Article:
Hiking to St. Mary’s Glacier

Have you ever hiked on a glacier? Or even seen one? You don’t have to travel to Alaska or even Glacier National Park, but if you live on the East Coast, you do have to travel west. In the Lower 48, there are over 340 glaciers in California, Colorado, Oregon, Montana, and Wyoming. A few years ago, we hiked on one of the more accessible glaciers, St. Mary’s Glacier, located north of Idaho Springs, Colorado.


After parking in one of the two small parking lots, our group found the trailhead and began hiking on a sunny, clear, but cold February afternoon. At over 10,000 feet at the trailhead, the air was thin for flatlanders like us.

We huffed and puffed with children in tow (ages 4, 6, 10, and 12), climbing only 420 feet during the ¾ mile hike past St. Mary’s Lake to a snowfield.


At the glacier, we took photos, the kids rolled, and we watched people glacading before we headed back on the trail.



St. Mary’s Glacier is located in the Clear Creek Ranger District of the Arapaho National Forest, about an hour’s drive from downtown Denver.  The trailhead is located 9.2 miles north of I-70 on SR 275 (Fall River Road). For more information, check out www.protrails.com or call the Clear Creek Ranger District at 303-567-3000.

Trip taken February 2009.

Hiking to Boston Mine Camp

When is Boston not a city and not in Massachusetts? Answer: When it’s a mine in Colorado. When you’re tired of and/or exhausted from skiing in Colorado and or just looking for a change of pace, but still want to be outside, try snowshoeing or hiking into an old gold mining camp, the Boston mine camp.

On a winter break in Colorado, we took a break from skiing at Copper Mountain and ventured on a trail nearby. The sun was warm, and the snow was packed enough that snow shoes weren’t an absolute.


With the kids pulling sleds and stopping periodically to throw a snowball, we hiked the 1.8 miles from the trail head to the former Boston mine camp where just an old log boardinghouse and log cabin remain from the days of gold mining activity in the early 1900s.


We hung out in the Mayflower amphitheater, watching cross country skiers, exploring the old cabins, sledding, and enjoying the views, before heading back to the car.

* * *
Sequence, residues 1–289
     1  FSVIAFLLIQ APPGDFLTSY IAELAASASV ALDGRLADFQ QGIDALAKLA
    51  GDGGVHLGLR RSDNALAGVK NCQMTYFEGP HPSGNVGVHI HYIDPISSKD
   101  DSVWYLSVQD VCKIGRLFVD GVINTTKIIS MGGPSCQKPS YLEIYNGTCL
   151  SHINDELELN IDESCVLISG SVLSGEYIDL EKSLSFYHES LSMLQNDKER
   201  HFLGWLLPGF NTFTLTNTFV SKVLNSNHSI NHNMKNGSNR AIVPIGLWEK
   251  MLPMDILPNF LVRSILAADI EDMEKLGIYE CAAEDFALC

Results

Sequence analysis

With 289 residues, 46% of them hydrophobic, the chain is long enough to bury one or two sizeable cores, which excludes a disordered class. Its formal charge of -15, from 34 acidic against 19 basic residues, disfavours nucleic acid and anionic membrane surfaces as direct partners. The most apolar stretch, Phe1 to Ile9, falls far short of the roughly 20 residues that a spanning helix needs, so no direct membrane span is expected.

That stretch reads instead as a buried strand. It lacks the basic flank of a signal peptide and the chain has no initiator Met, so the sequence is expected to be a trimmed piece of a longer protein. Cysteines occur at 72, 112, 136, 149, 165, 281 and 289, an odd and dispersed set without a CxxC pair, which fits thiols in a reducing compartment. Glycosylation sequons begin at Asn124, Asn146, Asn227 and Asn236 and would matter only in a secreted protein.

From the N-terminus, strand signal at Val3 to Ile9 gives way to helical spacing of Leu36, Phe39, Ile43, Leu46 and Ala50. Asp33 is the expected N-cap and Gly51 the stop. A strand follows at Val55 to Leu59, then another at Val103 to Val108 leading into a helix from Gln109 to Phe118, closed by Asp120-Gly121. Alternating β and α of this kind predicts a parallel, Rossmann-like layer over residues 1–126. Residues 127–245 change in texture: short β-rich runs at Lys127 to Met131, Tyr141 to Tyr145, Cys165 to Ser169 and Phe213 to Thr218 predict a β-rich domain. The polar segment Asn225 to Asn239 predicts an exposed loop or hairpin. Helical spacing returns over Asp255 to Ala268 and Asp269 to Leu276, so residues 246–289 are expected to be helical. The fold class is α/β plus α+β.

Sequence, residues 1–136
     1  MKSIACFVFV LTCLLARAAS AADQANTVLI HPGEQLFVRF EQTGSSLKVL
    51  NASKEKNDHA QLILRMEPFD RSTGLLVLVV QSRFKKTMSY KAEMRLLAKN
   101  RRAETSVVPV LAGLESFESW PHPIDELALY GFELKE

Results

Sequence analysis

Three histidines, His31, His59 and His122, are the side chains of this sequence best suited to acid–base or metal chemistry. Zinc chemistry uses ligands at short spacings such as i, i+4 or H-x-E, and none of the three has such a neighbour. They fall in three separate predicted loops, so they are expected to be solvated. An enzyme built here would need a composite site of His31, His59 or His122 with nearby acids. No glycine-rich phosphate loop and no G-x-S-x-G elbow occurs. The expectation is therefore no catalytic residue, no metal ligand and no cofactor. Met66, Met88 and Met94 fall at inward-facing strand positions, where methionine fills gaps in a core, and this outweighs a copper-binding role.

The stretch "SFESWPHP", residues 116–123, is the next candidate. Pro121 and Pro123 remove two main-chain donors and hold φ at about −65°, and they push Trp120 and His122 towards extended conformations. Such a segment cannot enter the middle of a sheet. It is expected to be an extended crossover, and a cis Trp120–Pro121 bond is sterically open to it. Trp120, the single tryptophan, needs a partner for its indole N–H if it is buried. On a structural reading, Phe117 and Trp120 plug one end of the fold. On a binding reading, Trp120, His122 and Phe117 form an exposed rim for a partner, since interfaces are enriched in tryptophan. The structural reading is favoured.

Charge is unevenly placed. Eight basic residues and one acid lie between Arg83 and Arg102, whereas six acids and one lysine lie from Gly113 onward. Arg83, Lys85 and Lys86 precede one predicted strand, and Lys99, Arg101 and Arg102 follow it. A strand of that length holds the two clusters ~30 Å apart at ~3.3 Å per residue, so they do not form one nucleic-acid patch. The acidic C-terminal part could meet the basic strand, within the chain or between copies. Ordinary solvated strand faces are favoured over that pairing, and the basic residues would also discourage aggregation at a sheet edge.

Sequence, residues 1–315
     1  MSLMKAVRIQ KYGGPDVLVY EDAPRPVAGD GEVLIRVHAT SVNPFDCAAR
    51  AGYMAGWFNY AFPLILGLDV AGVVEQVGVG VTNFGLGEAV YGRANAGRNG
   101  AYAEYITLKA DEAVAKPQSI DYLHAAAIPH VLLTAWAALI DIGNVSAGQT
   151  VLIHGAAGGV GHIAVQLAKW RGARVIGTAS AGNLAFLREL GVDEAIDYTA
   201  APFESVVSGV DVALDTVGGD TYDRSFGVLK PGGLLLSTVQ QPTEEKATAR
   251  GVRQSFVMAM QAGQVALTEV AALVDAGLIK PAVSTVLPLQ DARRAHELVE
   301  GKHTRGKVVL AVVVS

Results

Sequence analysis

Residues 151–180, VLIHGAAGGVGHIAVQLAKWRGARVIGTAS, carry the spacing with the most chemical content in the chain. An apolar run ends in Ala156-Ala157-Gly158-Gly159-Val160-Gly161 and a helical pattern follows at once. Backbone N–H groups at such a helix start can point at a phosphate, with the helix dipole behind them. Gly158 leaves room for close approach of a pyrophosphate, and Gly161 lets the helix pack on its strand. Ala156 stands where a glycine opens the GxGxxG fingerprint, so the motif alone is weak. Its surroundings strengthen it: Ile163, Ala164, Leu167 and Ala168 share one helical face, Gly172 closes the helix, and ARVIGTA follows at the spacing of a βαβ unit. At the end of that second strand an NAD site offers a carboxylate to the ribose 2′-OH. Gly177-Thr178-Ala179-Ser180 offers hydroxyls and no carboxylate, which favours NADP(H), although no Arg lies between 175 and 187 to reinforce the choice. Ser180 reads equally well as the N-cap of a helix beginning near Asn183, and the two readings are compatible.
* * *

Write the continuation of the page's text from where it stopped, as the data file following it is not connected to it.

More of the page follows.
For those more adventurous, you can hike the full Mayflower to Clinton Gulch loop as described in Mary Ellen Gilliand’s book, “The New Summit Hiker” and in an article published in The Summit Daily.

Directions to the trail head: Drive Highway 91 south 6.2 miles from the exit 195 off of Interstate 70 at Copper Mountain. The trail head will be on your left.

Trip taken February 2009.

From Y Meadow Lake to Chewing Gum Lake and Back to the Trailhead

Our longest day was one of our easiest, as the 7 miles of trail wandered and wound through meadows of wildflowers:  blue lupine, red Indian paintbrush and yellow monkey flowers.

We spent the night at Y Meadow Lake, surrounded by granite without much vegetation.

We scattered our tents about between the rocks and enjoyed the quiet of this unpopulated lake, the only sign of civilization, someone’s food hung high on a tree branch over the lake away from any potential hungry bears. We didn’t swim in Y Meadow Lake, but sat by its edge, doing crossword puzzles, reading, and relaxing.

We spent our last night on the trail at Chewing Gum Lake and wondered how it got its name? Was it the muddy bottom that squished as our feet touched and sank several inches? Or was it the grey color of the mud banks? Motivated to get my feet off the mucky shore, I swam into the clear water and was soon gasping for breath. Surprised, I remembered the 8,700 foot elevation, pretty high for a flatlander like me.

At Chewing Gum Lake we were not alone; the lake was scattered with people of all ages jumping off its rocks, swimming and sunbathing or just hanging out on air mattresses on the water. Just 4.5 miles from a trail head, Chewing Gum Lake was easing us back into civilization.